Channeled emotion. On the organ works of Johan G. Koers by David de Jongby David de Jong |Het ORGEL |Year 109 |(2013) |Issue 1
David de Jong Channeled emotion. On the organ works of Johan G. Koers
Het ORGEL 109 (2013), nr. 1, 4-9 [summary]
The Frisian composer Johan G. Koers (*1953) studied organ with Piet Post and Haite van der Schaaf, but had to give up his hopes of a career as a concert organist because of his health. He devoted himself to teaching, music journalism, and composing. His idea that music is ‘channeled emotion’, is also a good description of his compositions. The emotional content of his works is always contained within a rational structure. This makes them, even when the style is quite advanced, possible to follow for a listener who will take the trouble to exert himself.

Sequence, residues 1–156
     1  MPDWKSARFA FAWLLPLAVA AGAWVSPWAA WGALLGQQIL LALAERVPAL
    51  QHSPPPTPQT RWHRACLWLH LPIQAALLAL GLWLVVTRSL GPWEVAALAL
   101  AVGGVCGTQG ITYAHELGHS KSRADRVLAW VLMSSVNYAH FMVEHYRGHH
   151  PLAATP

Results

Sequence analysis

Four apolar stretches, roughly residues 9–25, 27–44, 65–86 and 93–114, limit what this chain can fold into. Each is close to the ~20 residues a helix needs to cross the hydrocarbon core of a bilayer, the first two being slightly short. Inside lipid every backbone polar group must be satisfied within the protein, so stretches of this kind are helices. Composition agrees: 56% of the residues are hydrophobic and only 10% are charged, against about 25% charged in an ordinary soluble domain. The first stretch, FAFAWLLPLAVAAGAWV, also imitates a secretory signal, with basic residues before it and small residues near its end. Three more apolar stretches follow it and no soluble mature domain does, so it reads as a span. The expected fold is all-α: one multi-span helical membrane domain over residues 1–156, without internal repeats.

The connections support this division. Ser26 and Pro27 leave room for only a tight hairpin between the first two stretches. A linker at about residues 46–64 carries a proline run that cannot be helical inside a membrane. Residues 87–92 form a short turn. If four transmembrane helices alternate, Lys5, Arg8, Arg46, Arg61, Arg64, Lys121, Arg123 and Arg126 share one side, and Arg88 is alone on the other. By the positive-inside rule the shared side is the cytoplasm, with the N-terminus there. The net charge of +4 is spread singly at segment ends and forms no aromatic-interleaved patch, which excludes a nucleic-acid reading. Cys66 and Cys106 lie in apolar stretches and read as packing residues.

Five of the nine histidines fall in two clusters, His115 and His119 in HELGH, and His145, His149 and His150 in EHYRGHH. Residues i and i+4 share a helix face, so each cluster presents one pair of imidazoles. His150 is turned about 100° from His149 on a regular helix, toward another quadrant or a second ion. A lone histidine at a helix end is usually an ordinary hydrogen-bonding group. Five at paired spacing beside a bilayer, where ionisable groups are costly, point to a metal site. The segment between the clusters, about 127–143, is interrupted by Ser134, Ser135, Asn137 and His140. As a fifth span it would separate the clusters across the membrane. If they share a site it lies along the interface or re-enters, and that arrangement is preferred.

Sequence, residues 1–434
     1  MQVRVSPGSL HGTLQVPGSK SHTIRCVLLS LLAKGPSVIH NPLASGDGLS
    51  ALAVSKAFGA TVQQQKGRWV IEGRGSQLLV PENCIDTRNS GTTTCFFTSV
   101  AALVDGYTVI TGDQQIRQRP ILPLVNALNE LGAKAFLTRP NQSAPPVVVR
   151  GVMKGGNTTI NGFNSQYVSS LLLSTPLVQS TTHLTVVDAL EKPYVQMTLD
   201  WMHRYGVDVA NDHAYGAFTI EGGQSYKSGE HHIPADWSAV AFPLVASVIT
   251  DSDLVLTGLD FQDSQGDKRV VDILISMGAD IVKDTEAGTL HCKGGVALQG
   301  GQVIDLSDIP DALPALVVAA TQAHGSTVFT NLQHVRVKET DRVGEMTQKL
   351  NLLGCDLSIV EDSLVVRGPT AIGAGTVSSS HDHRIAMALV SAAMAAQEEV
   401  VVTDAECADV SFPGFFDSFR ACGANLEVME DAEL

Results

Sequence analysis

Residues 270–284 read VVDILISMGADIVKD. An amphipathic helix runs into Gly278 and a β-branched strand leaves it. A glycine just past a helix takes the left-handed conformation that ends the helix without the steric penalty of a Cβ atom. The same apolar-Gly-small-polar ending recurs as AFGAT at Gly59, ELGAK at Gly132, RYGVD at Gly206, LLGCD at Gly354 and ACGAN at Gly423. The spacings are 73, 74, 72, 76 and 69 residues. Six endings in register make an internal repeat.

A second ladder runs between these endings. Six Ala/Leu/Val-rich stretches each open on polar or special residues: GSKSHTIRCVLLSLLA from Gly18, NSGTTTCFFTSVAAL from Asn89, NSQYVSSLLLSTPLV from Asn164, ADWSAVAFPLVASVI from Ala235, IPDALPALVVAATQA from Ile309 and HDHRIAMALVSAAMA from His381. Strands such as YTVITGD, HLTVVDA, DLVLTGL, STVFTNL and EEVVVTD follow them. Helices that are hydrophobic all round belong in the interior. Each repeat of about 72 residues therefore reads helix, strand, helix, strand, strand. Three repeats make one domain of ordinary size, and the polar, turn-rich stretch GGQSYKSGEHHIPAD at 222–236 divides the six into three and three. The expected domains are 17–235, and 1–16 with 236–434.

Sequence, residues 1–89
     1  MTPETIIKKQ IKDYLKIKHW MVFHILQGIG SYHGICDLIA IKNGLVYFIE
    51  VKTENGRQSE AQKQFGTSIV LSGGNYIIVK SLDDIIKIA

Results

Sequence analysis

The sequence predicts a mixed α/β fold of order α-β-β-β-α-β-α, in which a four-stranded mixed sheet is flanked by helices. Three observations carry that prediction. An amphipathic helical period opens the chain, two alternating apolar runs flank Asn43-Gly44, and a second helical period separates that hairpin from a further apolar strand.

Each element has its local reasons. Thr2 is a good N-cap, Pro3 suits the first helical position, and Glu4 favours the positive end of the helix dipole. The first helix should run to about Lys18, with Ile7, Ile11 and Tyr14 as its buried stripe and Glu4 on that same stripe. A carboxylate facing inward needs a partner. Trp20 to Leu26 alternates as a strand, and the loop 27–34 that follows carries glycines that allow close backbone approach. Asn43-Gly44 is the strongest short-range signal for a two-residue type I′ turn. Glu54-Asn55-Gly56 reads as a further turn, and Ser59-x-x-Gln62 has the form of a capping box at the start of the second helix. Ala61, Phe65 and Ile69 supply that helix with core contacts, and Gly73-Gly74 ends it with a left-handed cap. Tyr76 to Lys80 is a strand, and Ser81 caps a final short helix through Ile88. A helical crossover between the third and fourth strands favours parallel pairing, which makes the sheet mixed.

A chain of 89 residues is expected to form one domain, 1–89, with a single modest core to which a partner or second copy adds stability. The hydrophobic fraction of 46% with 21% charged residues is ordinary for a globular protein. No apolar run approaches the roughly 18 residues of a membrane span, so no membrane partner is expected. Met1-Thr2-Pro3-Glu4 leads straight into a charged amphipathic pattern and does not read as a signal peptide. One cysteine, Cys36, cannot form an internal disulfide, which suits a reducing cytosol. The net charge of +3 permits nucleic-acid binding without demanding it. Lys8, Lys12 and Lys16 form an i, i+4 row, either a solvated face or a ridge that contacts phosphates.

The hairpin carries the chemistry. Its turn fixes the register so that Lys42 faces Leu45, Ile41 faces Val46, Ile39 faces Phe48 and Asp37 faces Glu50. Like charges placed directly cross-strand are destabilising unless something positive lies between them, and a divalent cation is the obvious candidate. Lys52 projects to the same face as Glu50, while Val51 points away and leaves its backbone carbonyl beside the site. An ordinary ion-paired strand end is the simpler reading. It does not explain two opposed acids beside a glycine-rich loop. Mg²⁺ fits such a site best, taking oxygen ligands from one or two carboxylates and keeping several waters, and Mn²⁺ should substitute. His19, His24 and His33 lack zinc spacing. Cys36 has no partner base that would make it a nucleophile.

In Koers’s first three organ works, Triptyque (1975), Toccata (1977) and De Profundis (1983), the emotion is still rather below the surface.
These are followed by a period in which he wrote for other instruments than the organ. In this period his style changed, not only in structure but also in the tone color of his works. Through his experiments with chromaticism, whole-tone series, and octotonicism, his idiom has become more French in color. This can also be found in his first organ work from this period: Choral pour orgue (1997). In the works that followed Choral, like the Hymnus Veni Redemptor Gentium (2001), one more new element emerges: a more advanced rhythmics. His most recently published organ is Versus Alleluiatici from 2007.
Koers is not an avant-gardiste. He is different from many other contemporary composers in that his compositions remain compact and orderly: they have a head and a tail. Despite the fact that they sound completely contemporary, this keeps them “doable” for both the listener and the player.